If now, for purposes of simplicity, it is assumed that linearly polarized radio frequency waves are radiated from point A with the polarization vector in one of the vertical planes indicated by a solid line trace, the orientation of the polarization vector in space is determined by that plane. Similarly, if We assume that a linearly polarized radio frequency wave is transmitted from point B with the polarization vector falling within one of the planes defined by the dashed lines referred to above, the orientation of the polarization vector in space will always fall in that plane. Now, the satellite to be used as a repeater may be considered for purposes of discussion as being located at a point above the earth lying above the intersection of the projections on the earth of two of the great circle planes of FIG. 1. For example, the satellite may be thought of as being above the earth at the location indicated by point C.
It will be recognized that as seen from the location of the satellite above point C, the plane in which the incoming energy is polarized is almost at right angles to that in which the reflected energy must be polarized in order to reach the receiving station in the polarity for which that stations antenna system is designed. This situation will obtain with greater or lesser severity for all possible satellite locations other than those on the great circle plane which passes through both the transmitting and the receiving station as well as the satellite.
The problem outlined above is avoided in accordance with the invention by so mounting the antennae at the transmitting and receiving stations that the polarization Vectors for the waves transmitted from or received by these antennae are at all times in the plane passing through the location of the two antennae and the location of the satellite. in all but exceptional cases, this plane will not be a great circle plane and may be considered instead as a slant plane passing through the surface of the earth through the locations of the two antennae but not including any diameter of the earth.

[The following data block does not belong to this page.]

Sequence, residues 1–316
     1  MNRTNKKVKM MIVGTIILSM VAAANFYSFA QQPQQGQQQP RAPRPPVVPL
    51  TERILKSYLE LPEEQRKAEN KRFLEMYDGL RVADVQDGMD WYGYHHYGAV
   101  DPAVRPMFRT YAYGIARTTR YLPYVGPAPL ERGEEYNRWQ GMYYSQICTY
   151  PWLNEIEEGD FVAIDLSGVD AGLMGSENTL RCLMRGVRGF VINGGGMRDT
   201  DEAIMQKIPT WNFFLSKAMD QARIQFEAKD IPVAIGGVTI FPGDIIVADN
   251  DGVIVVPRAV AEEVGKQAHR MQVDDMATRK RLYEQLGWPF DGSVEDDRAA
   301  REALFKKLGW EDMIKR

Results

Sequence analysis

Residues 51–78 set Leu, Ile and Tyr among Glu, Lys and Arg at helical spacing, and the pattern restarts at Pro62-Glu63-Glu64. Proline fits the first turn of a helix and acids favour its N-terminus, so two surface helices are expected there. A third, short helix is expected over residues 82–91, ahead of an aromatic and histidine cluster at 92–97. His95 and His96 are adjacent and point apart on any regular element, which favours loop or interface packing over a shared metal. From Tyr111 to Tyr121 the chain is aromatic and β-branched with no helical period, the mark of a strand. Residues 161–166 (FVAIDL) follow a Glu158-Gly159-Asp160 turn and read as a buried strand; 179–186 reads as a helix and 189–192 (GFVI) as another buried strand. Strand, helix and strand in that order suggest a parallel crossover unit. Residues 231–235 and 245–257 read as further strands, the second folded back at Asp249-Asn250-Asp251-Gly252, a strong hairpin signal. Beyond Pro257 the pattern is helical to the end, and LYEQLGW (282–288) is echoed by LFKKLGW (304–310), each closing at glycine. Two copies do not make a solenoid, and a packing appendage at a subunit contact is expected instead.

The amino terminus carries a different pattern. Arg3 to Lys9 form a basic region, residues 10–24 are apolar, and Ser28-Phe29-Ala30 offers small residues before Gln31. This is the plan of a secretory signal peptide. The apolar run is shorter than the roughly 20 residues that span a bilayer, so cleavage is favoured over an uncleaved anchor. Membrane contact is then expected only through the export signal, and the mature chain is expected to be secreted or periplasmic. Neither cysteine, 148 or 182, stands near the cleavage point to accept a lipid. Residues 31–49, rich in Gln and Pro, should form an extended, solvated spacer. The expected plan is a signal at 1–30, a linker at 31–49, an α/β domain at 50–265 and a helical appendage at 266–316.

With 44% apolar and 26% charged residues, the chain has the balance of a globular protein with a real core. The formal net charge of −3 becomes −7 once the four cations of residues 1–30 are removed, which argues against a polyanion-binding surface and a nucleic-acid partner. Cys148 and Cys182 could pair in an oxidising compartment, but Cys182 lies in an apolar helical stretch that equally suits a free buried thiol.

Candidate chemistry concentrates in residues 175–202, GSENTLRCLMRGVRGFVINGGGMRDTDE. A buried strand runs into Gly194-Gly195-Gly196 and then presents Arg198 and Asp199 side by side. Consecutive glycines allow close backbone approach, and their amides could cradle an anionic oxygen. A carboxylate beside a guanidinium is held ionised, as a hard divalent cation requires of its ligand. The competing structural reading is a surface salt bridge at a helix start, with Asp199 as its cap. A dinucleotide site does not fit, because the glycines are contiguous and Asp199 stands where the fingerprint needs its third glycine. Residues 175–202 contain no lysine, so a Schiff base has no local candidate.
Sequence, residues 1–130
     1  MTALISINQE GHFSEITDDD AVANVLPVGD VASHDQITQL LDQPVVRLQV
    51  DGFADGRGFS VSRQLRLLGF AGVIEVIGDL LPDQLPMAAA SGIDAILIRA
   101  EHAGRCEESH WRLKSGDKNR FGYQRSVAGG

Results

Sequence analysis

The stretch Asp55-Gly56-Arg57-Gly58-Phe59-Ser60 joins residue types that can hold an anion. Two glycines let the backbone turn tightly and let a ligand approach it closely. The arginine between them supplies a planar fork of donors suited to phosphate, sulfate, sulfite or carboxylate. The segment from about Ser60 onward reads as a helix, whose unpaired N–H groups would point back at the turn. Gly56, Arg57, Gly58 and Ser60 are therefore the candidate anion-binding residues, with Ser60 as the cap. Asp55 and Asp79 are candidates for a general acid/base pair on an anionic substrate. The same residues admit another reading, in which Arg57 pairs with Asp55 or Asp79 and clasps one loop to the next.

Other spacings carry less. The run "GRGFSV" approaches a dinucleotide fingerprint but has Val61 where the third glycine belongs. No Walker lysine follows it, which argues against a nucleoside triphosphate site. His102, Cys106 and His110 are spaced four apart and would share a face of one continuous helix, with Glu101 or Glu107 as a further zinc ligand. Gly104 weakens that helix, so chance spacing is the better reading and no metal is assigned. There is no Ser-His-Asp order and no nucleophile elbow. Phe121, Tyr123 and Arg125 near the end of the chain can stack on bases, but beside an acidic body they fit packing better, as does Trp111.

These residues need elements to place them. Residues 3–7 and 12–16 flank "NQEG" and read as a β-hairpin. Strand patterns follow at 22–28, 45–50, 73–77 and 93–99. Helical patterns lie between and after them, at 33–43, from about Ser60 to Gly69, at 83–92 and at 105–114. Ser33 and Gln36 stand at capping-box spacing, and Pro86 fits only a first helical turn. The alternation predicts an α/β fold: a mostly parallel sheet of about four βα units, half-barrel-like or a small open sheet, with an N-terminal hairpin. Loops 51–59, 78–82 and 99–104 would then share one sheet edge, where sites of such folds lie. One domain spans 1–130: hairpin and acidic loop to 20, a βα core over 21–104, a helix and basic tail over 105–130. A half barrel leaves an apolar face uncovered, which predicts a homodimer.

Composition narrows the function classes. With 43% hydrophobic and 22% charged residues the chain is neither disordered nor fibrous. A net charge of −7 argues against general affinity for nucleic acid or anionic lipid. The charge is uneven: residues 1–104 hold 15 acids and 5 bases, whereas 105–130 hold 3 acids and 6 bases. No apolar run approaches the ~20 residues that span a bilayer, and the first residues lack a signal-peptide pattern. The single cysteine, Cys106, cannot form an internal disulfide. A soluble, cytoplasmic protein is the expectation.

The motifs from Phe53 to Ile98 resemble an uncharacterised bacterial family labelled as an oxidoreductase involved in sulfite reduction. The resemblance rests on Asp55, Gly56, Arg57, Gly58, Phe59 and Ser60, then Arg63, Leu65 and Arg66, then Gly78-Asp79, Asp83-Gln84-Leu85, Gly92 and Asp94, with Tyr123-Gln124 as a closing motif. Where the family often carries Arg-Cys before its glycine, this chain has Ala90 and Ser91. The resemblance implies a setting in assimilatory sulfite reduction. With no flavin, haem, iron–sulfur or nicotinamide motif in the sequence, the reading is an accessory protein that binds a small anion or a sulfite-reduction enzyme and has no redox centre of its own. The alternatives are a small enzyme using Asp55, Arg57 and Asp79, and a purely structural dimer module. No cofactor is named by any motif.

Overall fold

This result may be accomplished in the case of conventional two-axis antenna mounts by the arrangement shown in diagrammatic form in FIG. 2. Two-axis antenna mounts are most commonly arranged to permit orientation of the antenna beam direction in either elevation or azimuth with respect to the surface of the earth at the location at which the mount is located. For such use, the first of the axes is normal to the surface of the earth at the location of the antenna and the second is in a plane normal to the first axis. In addition, the antenna is constructed to provide a radiation pattern, the axis or principal direction of which is normal to the second axis and in or parallel to the plane which includes the first axis. In this, or any other antenna mount in which the vertical is one axis of rotation, the polarization problem previously described will be encountered.